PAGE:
California Crop Weather: busy season for citrus industryCalifornia Crop Weather: busy season for citrus industry
California citrus fruits are sizing slowly;Citrus field maintenance continues with irrigation and the replacement of old stock;Lemons and Star Ruby grapefruit were picked; and Navel orange growers expect a late start to harvest due to poor internal maturity.
October 4, 2011
The latest California Crop Weather report from the Sacramento, Calif., Field Office of the National Agricultural Statistics Service, released Oct. 3, 2011.
Monday, Sept. 26, was the beginning of a warming trend for California as a high pressure system began building into the area. The weather remained dry for most of the state with only a few hundredths of an inch of rain in the northern Sierra Nevada, the northwest coastal mountains, and far northern valley very early in the week. Temperatures ranged from normal to above normal and reflected summer-like conditions.
The warming trend continued into the middle of the week as the high pressure set in. Wednesday and Thursday were the hottest days of the week for most of California.
A low pressure system influenced the state on Friday with cooling temperatures to near normal on Friday and near normal to below normal for Saturday and Sunday. This brought traces of rain along the southern California coast, and 0.01 was recorded for the northwest California coast for Friday into Saturday.
Another wave of energy came through over the weekend, dropping several tenths of rain over northwest California Sunday into Monday morning.
The California riceharvest was in full-swing. Cotton progressed well with more than two thirds of the bolls open. Defoliation started in some areas. Cotton and rice crop conditions were rated mostly good to excellent.
Black-eye beans matured nicely. Beans were cut and windrowed this past week. The sunflower harvest was in full-swing.
Cornfor silage and large lima beans were harvested. Wheat ground preparation and fall planting continued.
Late season fertilizer applications were underway and some mechanical and hand pruning took place in orchards. The peach, nectarine, and plum harvests began its normal seasonal decline. The Angeleno and Flavor-Fall plum variety harvest neared completion.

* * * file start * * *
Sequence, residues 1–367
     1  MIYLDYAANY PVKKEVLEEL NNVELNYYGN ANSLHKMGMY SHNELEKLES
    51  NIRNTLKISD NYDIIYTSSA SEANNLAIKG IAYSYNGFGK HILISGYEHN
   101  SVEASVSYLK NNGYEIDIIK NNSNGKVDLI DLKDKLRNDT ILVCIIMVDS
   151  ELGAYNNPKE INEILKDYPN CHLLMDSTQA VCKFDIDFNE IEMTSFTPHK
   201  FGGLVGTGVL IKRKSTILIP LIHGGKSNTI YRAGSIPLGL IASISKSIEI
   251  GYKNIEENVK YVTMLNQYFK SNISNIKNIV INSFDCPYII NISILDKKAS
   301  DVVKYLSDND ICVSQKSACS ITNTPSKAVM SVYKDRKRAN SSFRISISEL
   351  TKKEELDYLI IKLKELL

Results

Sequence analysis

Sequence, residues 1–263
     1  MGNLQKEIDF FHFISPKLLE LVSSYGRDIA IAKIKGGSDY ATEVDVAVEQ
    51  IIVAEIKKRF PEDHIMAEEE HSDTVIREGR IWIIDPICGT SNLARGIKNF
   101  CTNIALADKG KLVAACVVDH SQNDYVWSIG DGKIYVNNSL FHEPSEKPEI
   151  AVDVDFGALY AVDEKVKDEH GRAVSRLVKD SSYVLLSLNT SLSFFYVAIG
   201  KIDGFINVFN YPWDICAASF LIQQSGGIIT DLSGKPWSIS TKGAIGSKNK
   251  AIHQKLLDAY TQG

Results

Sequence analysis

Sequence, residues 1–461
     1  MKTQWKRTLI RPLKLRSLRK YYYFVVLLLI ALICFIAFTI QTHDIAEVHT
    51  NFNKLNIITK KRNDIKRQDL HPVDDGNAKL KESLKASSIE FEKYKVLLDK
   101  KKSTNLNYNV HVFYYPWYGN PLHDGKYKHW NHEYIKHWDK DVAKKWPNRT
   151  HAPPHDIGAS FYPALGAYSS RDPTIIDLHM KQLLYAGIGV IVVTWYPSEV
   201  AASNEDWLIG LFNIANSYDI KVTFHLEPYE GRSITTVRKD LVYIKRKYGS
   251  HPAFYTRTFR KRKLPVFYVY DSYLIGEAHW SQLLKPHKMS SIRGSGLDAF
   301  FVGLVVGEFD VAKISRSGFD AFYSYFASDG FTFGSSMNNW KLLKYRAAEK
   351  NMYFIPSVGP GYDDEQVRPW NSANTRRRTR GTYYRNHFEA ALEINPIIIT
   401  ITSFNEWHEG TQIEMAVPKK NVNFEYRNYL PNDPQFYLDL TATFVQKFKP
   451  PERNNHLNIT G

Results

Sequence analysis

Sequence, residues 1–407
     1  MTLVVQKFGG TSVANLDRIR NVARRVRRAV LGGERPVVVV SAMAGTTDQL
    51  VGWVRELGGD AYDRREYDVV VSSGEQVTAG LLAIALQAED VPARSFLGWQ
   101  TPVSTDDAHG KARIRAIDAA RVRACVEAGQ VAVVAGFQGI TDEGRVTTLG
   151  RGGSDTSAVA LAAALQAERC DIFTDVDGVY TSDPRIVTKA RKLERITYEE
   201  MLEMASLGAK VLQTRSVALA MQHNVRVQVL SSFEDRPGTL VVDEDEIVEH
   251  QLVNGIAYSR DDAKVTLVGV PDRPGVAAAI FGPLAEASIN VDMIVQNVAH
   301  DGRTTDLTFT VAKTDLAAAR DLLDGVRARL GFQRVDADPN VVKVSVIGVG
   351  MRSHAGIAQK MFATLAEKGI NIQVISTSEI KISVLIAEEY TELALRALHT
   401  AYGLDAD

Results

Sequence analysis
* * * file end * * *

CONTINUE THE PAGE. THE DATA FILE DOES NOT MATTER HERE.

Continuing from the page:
The table grape harvest continued in the San Joaquin Valley (SJV) with Red Globe, Summer Royal, Crimson, Flame Seedless, Christmas Rose, and Autumn King the main varieties harvested.
The harvest of wine grapes continued. The SJV raisin grape harvest progressed smoothly. About half of the raisin grapes were dried and picked up in Tulare County. Grapes were protected from possible upcoming light showers with tarps.
Pineapple quinces, figs, and apples were harvested. Pomegranates showed nice color, but maturity was still not there for harvest in most orchards.
The olive crop progressed. The pear harvest slowed.
Citrus fruits sized slowly. Citrus field maintenance continued with irrigation and replacement of old stock. Lemons and Star Ruby grapefruit were picked. Navel orange growers expected a late start to the harvest season due to poor internal maturity.
The late variety almond harvest continued. Growers reported above normal volumes because of a heavy crop set.
Harvesting of early variety walnuts continued. Pistachio harvest continued.
Tulare County reported peppers, tomatoes, cucumbers, squash, eggplants, andhoneydew picked and packed. The cantaloupe and watermelon harvests wound down.
In Merced County, cantaloupe, honeydew, tomato, bell pepper, sweet potato, and watermelon harvests continued while radicchio planting continued.
Fresno County reported dehydrator onion harvest while the fresh onion harvest was winding down. Winter carrots were watered, fertilized, and treated for fungus.
The processing tomato and garbanzo harvests were ongoing in Sutter County. In San Joaquin County, tomatoes for processing and fresh market were harvested, as were bell peppers, watermelon, squash, and pumpkins. The onion harvest was winding down.
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